In the disability community we talk a lot about language… and while we do not ALWAYS agree on what language should be used, there are strong leanings toward language we prefer “as a whole”.
Some key things that almost everyone seems to agree on are as follows:
- Do not call someone with a disability inspiring, courageous, etc. We did not choose to have our disabilities and we are just living our lives as we are, the best that we can, in a world where society has imposed barriers and restrictions on us. The problem is not our disability, but the inaccessible world around us. We are not courageous or inspiring, and while you mean well with these comments it is insulting because it insinuates our life is lesser than and would be “so hard to live”. This also covers comments like “I just don’t know how you do it every day!”, “I couldn’t do it, I am not strong enough!”, etc. This is my life, I only have one, and I am living it.
- Do not use negative terms when talking about someone else’s disability. Using terms like “suffers from”, “afflicted by”, “restrained to”, “forced to”, etc. These terms are harsh and unnecessary. We use devices to better our lives and we are not restricted/restrained by them, they give us freedom in an inaccessible world. Change your thinking, please. If you can’t change your thinking, at least pity us without being obvious or vocal. YES, being disabled has challenges, and often it just outright SUCKS. BUT having someone else refer to us in these harsh ways only makes us feel WORSE emotionally. Stop it. Instead of the negative language simply say “Jim has CP”, “Jane has TS” etc. stop attaching your negative feelings to it, ESPECIALLY if you are speaking about a child. They can hear you.
Now this part is not meant to start debates or trigger anyone, so if you feel triggered, please take a few deep breaths instead of firing off a comment, as I said we do not always agree on this. These are my thoughts around things that have been discussed strongly within the community, I acknowledge that not everyone agrees, and that is ok.
The term disabled, and people first language is more complex.
People first vs. identity first: this one is personal. Some believe that the “people first” language was created by non-disabled people to make themselves more comfortable, and that it strips away disability pride/identity. Others believe people first language is a good default because not everyone has disability pride or wants to identify as a disabled person, and are more comfortable to say they are a person with a disability. I typically recommend defaulting to people first language unless you are asked to do otherwise, in which case you should change your language only for the person asking you to use disability identity first.
There is a smaller group of people in the community who prefer to use the term special needs, specially abled, or differently abled, special needs mom, special needs parent, etc. and disability first language because they consider it to be a large part of who they (or their children) are.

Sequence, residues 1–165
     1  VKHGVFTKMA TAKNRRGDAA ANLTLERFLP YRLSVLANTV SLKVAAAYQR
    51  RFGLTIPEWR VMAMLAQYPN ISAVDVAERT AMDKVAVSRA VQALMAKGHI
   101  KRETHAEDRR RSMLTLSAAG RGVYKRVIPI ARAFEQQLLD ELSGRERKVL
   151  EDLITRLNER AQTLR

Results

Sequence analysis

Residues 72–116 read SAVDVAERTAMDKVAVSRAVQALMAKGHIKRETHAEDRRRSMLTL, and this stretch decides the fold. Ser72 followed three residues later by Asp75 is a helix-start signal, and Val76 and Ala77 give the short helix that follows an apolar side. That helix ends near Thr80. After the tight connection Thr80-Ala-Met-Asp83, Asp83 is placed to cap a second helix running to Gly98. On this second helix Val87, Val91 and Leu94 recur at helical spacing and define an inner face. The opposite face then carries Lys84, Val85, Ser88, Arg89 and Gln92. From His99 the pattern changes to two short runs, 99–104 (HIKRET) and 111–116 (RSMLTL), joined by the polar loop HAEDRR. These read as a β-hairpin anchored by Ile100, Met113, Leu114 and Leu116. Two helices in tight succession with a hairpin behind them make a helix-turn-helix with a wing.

As a whole the disabled community prefers you to use the term disabled. If you are unsure, and you know someone with a disability you can ask them what their language preferences are (and then use that preference with that person only). I would advise that typically you use the term disabled. If someone with a disability corrects your language, please listen and apply what they say to them specifically, because respecting someone’s preferred language is incredibly important.
Most of us who prefer the term disabled because the word DISABLED is NOT an insult, it is not derogatory, it is factual. Using other terms insinuates that disabled is a bad word, with negative connotations and that simply is not the case. Any negativity attached to this word is typically coming from the person who is not disabled looking upon us with pity or feelings that we are “lesser than” so therefore must pretend like we are not disabled. MOST people with disabilities find this to be infantilizing and insulting. Many people with disabilities are even PROUD. We work hard to advocate! So please, get used to using the word DISABLED. It’s ok.
I also would encourage parents who are new to the world of disability to consider using disabled, person first language from the start because we grow up hearing people stumble to do everything they can not to acknowledge that we are disabled. I have even had people argue with me “Oh you aren’t disabled; you are just differently abled”. No, I am in fact disabled and your discomfort with that is the bigger issue!
WE need to learn to stand in our power and say “Yes I am disabled” so that we can advocate for ourselves. Our world is not always kind and learning the language to advocate for ourselves is important.
Whatever language you use – if you are a person living with disability, stand strong and be patient, everyone is trying to do what they learned or believe is best. Ask for what you need or prefer (kindly).
If you are a person without a disability, PLEASE do things with your absolute best intentions and if someone corrects you? listen to them. If they tell you why THEY prefer something, do as they ask. Default to disability/people first language and remember above all else we are ok with being disabled, now we need you to be ok with it too.